Lilyaka Hae Ransome answered to no man. Born to a powerful clan on the storm-wracked colony world of Unruli, she’d grown up wilful, independent, strong. The only person who held her respect was the enigmatic man called Heredes, who tutored her in history and the martial arts.
So when alien bounty hunters kidnapped Heredes, she threw away her heritage and set out after him on an awesome odyssey through the unknown reaches of space.
Alis A. Rasmussen, now better known by her pseudonym Kate Elliott, entered the science fiction scene in 1990 with this, her second novel; in the following two and a half decades, she has since written over 20 more books, including two novels and a short story collection coming out in 2015. So how does this early offering hold up in the second decade of the 21st century?
In some ways, A Passage to the Stars is a coming of age story; Lilyaka – Lily – may be 25, but that is below the age of adulthood in her society, and she doesn’t have any sense of a path or of her future; a large part of the novel’s arc is about her coming to terms with herself, and with those around her – moving from being a drifter without any real anchors to an emotionally stable, solid sense of self to having a much more concrete idea of who she is and where she is going. That renders this an absolute bildungsroman, this first book of the trilogy having a very personal arc as well as a broader one; Rasmussen handles the combination of the two arcs beautifully, ensuring plot and character-development go hand in hand, and neither feels unnatural.
The rest of the cast are less centred in the novel; they have huge impact on the events of the plot and on Lily herself, but they aren’t themselves impacted in the same way – Kyosti remains mysterious and unknown, although the mysteries around him are increasingly being revealed; Heredes is perpetually the father-figure for Lily, protective and somewhat aloof; and the remainder of the ensemble tend to not even remain long enough for significant impact, largely passing through the life of Lily and impacting on her, rather than us seeing much of the impact of her on them in A Passage of Stars.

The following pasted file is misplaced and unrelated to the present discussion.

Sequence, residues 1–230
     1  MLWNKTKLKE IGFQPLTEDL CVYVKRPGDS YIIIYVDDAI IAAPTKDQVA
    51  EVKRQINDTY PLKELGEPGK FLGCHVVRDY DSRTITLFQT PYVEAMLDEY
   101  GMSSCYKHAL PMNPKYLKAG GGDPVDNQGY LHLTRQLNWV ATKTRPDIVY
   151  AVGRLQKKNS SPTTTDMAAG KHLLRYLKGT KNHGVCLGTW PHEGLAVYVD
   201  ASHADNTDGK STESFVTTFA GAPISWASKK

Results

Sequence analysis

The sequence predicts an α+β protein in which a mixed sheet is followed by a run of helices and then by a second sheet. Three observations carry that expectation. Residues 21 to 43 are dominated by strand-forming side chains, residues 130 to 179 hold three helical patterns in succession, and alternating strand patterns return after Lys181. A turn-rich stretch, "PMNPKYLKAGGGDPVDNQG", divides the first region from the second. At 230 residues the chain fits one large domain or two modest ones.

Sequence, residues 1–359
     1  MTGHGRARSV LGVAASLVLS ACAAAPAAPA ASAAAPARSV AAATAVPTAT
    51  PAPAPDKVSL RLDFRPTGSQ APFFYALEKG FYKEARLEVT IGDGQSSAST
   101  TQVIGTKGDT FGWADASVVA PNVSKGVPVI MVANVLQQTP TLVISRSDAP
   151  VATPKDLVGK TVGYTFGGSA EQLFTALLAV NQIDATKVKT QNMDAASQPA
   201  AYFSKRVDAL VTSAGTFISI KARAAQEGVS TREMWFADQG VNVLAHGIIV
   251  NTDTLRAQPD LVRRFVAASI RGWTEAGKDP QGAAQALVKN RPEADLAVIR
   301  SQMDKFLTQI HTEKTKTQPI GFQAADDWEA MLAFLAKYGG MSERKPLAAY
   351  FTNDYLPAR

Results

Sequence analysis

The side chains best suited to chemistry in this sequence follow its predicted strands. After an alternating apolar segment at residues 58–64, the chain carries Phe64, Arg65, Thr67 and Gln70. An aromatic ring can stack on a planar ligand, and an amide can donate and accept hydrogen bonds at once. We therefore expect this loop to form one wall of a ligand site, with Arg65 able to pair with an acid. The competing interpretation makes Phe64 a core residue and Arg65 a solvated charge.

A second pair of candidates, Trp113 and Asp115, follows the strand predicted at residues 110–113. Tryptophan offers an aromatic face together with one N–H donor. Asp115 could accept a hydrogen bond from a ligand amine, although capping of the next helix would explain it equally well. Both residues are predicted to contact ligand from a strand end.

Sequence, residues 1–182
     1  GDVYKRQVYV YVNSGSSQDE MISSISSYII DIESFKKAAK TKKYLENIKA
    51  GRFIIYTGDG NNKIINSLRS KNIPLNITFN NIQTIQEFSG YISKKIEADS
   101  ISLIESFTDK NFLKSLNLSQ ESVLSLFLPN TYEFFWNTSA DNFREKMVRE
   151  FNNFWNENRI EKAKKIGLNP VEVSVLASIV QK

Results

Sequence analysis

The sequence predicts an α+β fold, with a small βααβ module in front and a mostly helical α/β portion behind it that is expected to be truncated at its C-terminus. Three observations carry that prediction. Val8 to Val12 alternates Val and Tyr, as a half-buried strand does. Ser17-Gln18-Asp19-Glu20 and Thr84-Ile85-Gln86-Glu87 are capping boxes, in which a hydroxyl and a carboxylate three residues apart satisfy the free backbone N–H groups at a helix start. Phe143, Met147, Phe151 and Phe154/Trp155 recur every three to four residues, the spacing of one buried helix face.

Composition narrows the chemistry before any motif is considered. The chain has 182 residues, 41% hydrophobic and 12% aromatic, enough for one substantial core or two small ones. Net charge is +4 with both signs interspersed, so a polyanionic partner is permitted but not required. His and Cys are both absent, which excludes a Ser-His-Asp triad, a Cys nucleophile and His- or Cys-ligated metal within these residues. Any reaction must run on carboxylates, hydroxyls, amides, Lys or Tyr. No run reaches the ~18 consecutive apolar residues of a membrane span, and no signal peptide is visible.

Rasmussen’s plot is harder to explain in terms of science fiction; it feels almost like an epic fantasy plot, in fact, in its approach. Started by Lily’s witnessing of the kidnapping of her mentor, Heredes, it proceeds somewhat episodically in a series of dramatic encounters with different powerful forces in the universe who are in conflict with each other and who each have their own interest in Lily and misconceptions about her. A Passage of Stars manages to make this feel organic and natural, as we travel from place to place and see Lily meeting these key figures in the Highroad universe; it feels a little like this first book is setting all its pieces in place for the real events of the trilogy, making sure the reader is introduced to the key players and factors which will come up later, tied together by the aforementioned coming of age story for Lily.
A Passage of Stars, in some ways, feels very modern for a 24-year-old novel; in a world where SF doesn’t acknowledge the agency of women often enough, it is a novel with a female protagonist and a significant female cast; in a world where SF can’t handle sexualities outside heterosexuality, Rasmussen has included a lesbian couple, open relationships, polyamory and indeed asexuality, something that even now is very uncommon to see in SF. It’s really refreshing to see the way that Rasmussen doesn’t see this as strange or unexpected or abnormal. On the other hand, the racial commentary, in the form of the “tattoos” or Ridanis, is rather heavy-handed and obvious; worthwhile perhaps, but A Passage of Stars somewhat falls down on this front in making it a little too blunt, though with a Ridani character joining the main cast at the close of the novel hopefully this will be further addressed in later novels.
In the end, A Passage of Stars is a very enjoyable first entry in an SF trilogy which holds up very well today; Rasmussen’s approach to storytelling centres characters in such a way that they remain readable well after their publication. I recommend the novel.